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A series of tough decisions that Ange Postecoglou will undoubtedly get wrong

When the itinerary and timeline was announced last week for the Socceroos trip to Honduras, many were surprised.


Spending four full days in San Pedro Sula leading up to the match is apparently rife with danger. Local pundits have cited the past history of teams vacating the city to avoid the media circus that can erupt.


To suggest the Honduran supporters can get a little worked up in the lead in to big matches is an understatement and distractions to the most important camp in the entire campaign are something that the Socceroos cannot afford.


No doubt, the manager, the FFA and senior players would have been consulted and something of a collective agreement reached, however, Ange Postecoglou would have had significant impact upon the decision.


If recent history is any guide, whichever way he chooses to prepare and how he sees best fit to steer the national team into this game, his decisions will be questioned, second guessed and perceived by many, as flat out wrong.


Such is the fickle current relationship between the passionate supporter base of the Socceroos and the manager for whom trust and love has slowly waned over the last twelve months.


Life can be very much about trust in relationships and getting the runs on the board. Those runs or credit subsequently excuse imperfection in future decisions or actions.


Unfortunately for Postecoglou, the public feel that any credit has well and truly dried up and no matter what decisions he makes in the next fortnight, he should expect a barrage.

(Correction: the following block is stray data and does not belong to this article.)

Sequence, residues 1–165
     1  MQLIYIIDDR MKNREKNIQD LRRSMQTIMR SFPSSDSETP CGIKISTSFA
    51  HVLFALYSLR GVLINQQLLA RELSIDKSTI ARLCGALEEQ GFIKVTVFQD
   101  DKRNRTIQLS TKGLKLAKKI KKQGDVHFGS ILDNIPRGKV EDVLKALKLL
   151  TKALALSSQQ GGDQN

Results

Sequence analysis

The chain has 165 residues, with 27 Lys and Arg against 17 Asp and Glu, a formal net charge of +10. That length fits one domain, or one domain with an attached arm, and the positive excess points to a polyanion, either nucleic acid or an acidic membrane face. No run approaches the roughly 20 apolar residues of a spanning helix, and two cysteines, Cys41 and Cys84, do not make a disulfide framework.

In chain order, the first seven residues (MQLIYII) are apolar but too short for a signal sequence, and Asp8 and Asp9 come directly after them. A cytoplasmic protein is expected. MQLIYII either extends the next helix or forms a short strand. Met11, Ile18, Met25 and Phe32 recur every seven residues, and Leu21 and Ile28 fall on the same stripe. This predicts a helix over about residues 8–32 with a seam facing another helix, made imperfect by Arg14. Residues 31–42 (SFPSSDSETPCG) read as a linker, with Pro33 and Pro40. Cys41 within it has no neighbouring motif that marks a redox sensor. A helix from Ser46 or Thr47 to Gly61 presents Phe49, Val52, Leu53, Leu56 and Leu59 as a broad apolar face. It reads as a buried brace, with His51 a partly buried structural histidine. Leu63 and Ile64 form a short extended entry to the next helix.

He is no fool and will be prepared for what comes his way, however, being prepared is one thing, engaging in debate is another.


And that has been a significant part of the backlash that has come his way in recent times.


The concerns pertaining to selection, structure and preparation have been laid before him yet his willingness and ability to deal with the concerns in a calm and measured manner has been lacking.


A series of decisions now face the manager leading into the away leg and the calls he makes must be entirely based on that game alone.


I can’t see any logic in resting, nursing or saving anyone or anything for the home fixture.


If Tim Cahill is in the manager’s plans for game one, he must play and play for as long as required.


Potentially not able to play both matches, Postecoglou will face the music if Cahill’s absence in the second leg is costly. However he approaches the decision, it’s hard seeing him avoid intense second guessing and criticism.


The fans wanted blood after watching Robbie Kruse battle on the left side with something of an ineffective left foot against Syria. In something of an irony, it was eventually a Kruse pass which set Cahill up for the decisive header.


The Socceroos’ impotence down that side has been a concern throughout the campaign. Postecoglou has played Kruse more often than not and without Brad Smith, must decide whether to venture down that path again.


Despite Kruse and Matthew Leckie playing well in their domestic leagues, their impact and returns against teams that the Socceroos should deal with more clinically, is still an issue.


Leckie was better in Sydney against Syria and did work hard on the right, delivering the first goal to Cahill on a platter, however, therein lies the problem.